All I Can Do

John 2:13-22
13. And the Jews’ passover was at hand, and Jesus went up to Jerusalem.
14. And found in the temple those that sold oxen and sheep and doves, and the changers of money sitting:
15. And when he had made a scourge of small cords, he drove them all out of the temple, and the sheep, and the oxen; and poured out the changers’ money, and overthrew the tables;
16. And said unto them that sold doves, Take these things hence; make not my Father’s house an house of merchandise.
17. And his disciples remembered that it was written, The zeal of thine house hath eaten me up.
18. Then answered the Jews and said unto him, What sign shewest thou unto us, seeing that thou doest these things?
19. Jesus answered and said unto them, Destroy this temple, and in three days I will raise it up.
20. Then said the Jews, Forty and six years was this temple in building, and wilt thou rear it up in three days?
21. But he spake of the temple of his body.
22. When therefore he was risen from the dead, his disciples remembered that he had said this unto them; and they believed the scripture, and the word which Jesus had said.

Recently we visited my in-laws’ church, where the pastor preached on John 2, which gives the account of Jesus cleansing the temple. He noted that the activities going on there were necessary services for the many travelers who came to Jerusalem from afar to take part in the passover. The problem, of course, is they should have been practiced elsewhere.

Along came Jesus and kicked out the animal sellers and money changers who collected temple taxes. As verse 17 notes, Jesus was consumed by the zeal of the Lord. The temple was to be a place strictly for worship, not for commerce.

When the religious leaders wondered about His authority to do what He did, He indicated the sign of His authority would come at His forthcoming resurrection. The disciples would put the pieces of that together in their minds after the event.

I thought the pastor’s message was very good. A friend doesn’t think so because we should all know about this story. He says we should move on to new ideas. He does raise a good point though. Does this story provoke us to action in our own lives?

The pastor encouraged believers in his audience to recognize we’re temples of God, and we should cleanse our own lives, or allow God to do so.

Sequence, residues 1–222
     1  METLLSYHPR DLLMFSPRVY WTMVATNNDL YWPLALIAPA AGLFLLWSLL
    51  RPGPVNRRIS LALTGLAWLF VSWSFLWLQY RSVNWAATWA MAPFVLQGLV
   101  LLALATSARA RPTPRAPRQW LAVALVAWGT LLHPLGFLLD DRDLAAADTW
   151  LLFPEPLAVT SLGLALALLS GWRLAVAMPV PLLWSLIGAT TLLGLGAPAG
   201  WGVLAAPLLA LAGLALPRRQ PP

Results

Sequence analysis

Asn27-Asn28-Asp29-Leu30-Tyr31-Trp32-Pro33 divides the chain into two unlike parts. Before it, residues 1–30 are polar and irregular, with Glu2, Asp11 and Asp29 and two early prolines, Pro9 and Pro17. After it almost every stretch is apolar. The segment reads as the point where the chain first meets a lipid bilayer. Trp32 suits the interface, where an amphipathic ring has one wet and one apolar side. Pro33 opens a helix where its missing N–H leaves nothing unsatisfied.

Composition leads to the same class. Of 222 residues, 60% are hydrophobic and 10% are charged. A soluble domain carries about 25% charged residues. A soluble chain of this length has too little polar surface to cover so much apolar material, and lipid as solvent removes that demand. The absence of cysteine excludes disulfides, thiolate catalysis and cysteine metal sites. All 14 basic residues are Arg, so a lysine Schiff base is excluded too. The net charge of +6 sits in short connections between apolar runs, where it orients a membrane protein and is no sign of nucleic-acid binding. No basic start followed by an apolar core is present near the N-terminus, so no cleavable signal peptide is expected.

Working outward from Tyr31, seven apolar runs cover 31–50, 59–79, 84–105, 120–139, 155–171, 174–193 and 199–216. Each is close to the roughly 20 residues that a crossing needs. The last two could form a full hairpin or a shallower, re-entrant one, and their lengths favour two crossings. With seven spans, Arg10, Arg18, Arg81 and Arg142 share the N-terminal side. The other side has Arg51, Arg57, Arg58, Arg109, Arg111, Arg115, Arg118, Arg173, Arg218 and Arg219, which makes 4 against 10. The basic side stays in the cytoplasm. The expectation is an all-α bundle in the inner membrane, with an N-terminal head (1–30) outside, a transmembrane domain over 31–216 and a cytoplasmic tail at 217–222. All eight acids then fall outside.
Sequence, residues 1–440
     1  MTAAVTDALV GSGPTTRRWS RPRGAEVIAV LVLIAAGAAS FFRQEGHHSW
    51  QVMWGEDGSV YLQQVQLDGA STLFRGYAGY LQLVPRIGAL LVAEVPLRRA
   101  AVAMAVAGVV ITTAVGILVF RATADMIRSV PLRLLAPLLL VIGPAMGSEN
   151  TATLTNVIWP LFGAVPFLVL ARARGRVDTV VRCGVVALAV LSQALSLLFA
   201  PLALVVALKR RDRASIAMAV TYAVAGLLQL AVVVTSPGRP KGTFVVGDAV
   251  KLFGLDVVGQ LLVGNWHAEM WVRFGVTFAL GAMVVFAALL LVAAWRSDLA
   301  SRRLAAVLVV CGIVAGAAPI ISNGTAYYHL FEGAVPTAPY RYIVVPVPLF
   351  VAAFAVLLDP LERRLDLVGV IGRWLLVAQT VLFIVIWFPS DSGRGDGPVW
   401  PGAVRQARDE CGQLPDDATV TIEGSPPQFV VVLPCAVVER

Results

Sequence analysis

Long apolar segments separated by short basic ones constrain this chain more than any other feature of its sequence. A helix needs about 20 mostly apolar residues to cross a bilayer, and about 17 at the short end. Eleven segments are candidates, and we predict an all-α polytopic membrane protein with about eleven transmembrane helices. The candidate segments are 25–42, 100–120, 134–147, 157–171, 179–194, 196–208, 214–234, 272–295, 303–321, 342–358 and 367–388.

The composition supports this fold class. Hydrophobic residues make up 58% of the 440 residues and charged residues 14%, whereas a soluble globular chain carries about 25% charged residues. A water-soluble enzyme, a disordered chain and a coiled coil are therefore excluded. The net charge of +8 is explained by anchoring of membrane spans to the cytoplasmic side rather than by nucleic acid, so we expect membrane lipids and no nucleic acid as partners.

That’s all good and well, but what do we do about the garbage in our churches as a whole? Nothing. I’m sure no change is forthcoming in the pastor’s own church.

And what would Jesus do if He came back today? There would be much to cleanse. We’re bombarded by shallow music, shallow teaching and false doctrines. We celebrate Christmas and Easter–both steeped in paganism–neither of which is commanded or even promoted in Scripture. Talk about false worship!

I used to be quite zealous as a young man. I worked at Christian radio stations, hoping to get truth to listeners. Unfortunately, to be succinct, the nature of the business puts up roadblocks. I used to argue with family members and friends in an endeavor to share truths about God’s word and the world we live in.

I’ve since mellowed considerably. I realize I have little to no credibility with nearly everyone I know. Yet the fires of zeal for the Lord flare up from time to time. But there’s no hope of reforming others. I left off going to church years ago because I don’t have the stomach for their idiocy and B.S., and they don’t welcome anyone who’s perceived as a troublemaker who rocks the boat.

I cried when I heard the pastor’s message on John 2. Why? Jesus may have cleansed the temple that day, and He’ll return to carry out the judgment the world and our churches so richly deserve. But I realized all I can do for now is grieve.

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